The richness and novelty of his readings translate into an activity as a critic who does not want to close himself off within a method; ready to analyse, together with the symbols and myths of the authors, as they were dropped into the reality of the works, also his own subjectivity as a reader, especially when faced with his best-loved texts (Giovanni Pascoli, Italo Svevo, Federigo Tozzi, Umberto Saba).

Years earlier, in an interview that was never collected in a volume, Debenedetti had focused his attention on the need that drove the narrator in our century to "chase" the character, to know his secret motivations, and the obvious ones, and then dissolve all ties with him:

"Today it is clear that the early novels of our century gave out a distorted, suffering image of man, that this image had to "open like a peel" (I use Proust's words), "epiphanise" (I use James Joyce's), reveal the person behind the spirited and protean contortions of the character (I am referring to Pirandello) in order to get to the head of a protesting and gagged human nucleus, kept in mora, prevented from expressing itself by a world, by a society no longer in agreement with itself".[1]

Debenedetti's critical thought revolves around the question of man, as a person, and he does so with the same purpose and identical cognitive criterion as a narrator (as he was in writings such as Amedeo e altri racconti, Otto ebrei, 16 ottobre 1943). His entire literary life has moved in the fictional universe. This sort of perpetual intervention in the imagination of others ended up clashing with the unhappiness and neurosis of modern man, and led the writer and critic to hone a particular aptitude for recognising in the destiny of fictional characters their insecurity and crisis of identity. Debenedetti wrote and outlined a "provisional commemoration" of this disappearance in the essay Il personaggio uomo. Debenedetti felt a nostalgia for the male character, just as he declared himself convinced of the need not to abandon the values of literature to the lure of mass civilisation. Returning to the interview, one of his final statements, more than forty years later, unravels some of the knots on the debated question of the critic's function:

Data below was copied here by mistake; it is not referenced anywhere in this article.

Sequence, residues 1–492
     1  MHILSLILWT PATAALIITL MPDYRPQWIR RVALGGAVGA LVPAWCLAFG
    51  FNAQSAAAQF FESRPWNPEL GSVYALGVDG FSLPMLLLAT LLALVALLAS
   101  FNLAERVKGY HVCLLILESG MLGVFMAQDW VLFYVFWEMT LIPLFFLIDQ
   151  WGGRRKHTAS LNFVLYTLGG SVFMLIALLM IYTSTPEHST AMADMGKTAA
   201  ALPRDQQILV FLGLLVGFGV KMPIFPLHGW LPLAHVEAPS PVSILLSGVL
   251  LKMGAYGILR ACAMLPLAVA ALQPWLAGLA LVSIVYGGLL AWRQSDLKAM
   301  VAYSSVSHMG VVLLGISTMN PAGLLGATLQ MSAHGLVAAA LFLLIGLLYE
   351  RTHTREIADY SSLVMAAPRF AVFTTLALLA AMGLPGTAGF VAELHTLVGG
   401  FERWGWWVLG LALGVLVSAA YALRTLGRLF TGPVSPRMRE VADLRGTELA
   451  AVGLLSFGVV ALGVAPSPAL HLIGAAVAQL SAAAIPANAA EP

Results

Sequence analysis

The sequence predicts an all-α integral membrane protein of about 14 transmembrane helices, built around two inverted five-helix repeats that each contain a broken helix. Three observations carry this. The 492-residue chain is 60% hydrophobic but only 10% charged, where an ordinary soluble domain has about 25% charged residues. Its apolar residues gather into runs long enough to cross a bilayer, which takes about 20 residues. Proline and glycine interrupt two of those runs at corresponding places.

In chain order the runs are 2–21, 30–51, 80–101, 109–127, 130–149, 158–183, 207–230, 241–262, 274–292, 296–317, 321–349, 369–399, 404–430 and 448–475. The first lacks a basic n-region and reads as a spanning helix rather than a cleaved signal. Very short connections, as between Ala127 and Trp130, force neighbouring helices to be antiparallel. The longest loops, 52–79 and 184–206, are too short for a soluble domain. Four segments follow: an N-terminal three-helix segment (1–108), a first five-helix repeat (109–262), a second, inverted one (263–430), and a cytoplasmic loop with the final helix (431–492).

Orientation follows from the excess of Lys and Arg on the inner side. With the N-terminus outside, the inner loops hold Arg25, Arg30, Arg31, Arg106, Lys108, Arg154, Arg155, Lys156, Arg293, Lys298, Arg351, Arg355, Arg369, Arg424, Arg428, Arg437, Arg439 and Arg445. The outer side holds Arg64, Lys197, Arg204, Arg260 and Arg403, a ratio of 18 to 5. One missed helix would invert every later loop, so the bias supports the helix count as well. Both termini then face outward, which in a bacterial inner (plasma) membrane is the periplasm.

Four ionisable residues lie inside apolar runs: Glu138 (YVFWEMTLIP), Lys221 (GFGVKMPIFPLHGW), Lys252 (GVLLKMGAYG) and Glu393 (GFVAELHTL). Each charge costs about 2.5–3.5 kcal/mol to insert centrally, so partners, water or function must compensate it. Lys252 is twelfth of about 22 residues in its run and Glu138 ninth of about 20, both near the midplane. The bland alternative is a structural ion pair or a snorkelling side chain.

"At the risk of seeming out of date, the critic must save for the next day the values, transiently disavowed, if he really believes they are values. Provided that he is not mistaken (but then this is immediately apparent from the flaws in his critical demonstration), each of those values will appear as a necessary stage in reaching new and profound forms of expression".



  • Amedeo e altri racconti, 1926
  • Otto ebrei, 1944
  • 16 Ottobre 1943, 1945

Essays and criticism

  • Saggi critici, 3 volumes:

       Volume I: Saggi critici, 1929

       Volume II: Saggi critici. Nuova serie, 1945

       Volume III: Saggi critici. Terza Serie, 1952

  • Radiorecita su Marcel Proust, 1952
  • Intermezzo, 1963

Books published posthumously

  • II personaggio uomo, 1970
  • Il romanzo del Novecento, 1971
  • Niccolò Tommaseo, 1973
  • Poesia italiana del Novecento, 1974
  • Verga e il naturalismo, 1976
  • Vocazione di Vittorio Alfieri, 1977
  • Pascoli: la rivoluzione inconsapevole, 1979
  • Rileggere Proust e altri saggi proustiani, 1982
  • Al cinema, 1983
  • Quaderni di Montaigne, 1986
  • Preludi. Le note editoriali alla "Biblioteca delle Silerchie", 1991
  • Profeti. Cinque conferenze del 1924, 1998
  • Proust, 2005
  • Savinio e le figure dell'invisibile, 2009
  • Cinema. Il destino di raccontare, 2018

Selected filmography (as a scriptwriter)


  1. ^ Interview given to the newspaper L'Unità, 27 March 1963.
This page was last edited on 14 May 2023, at 17:54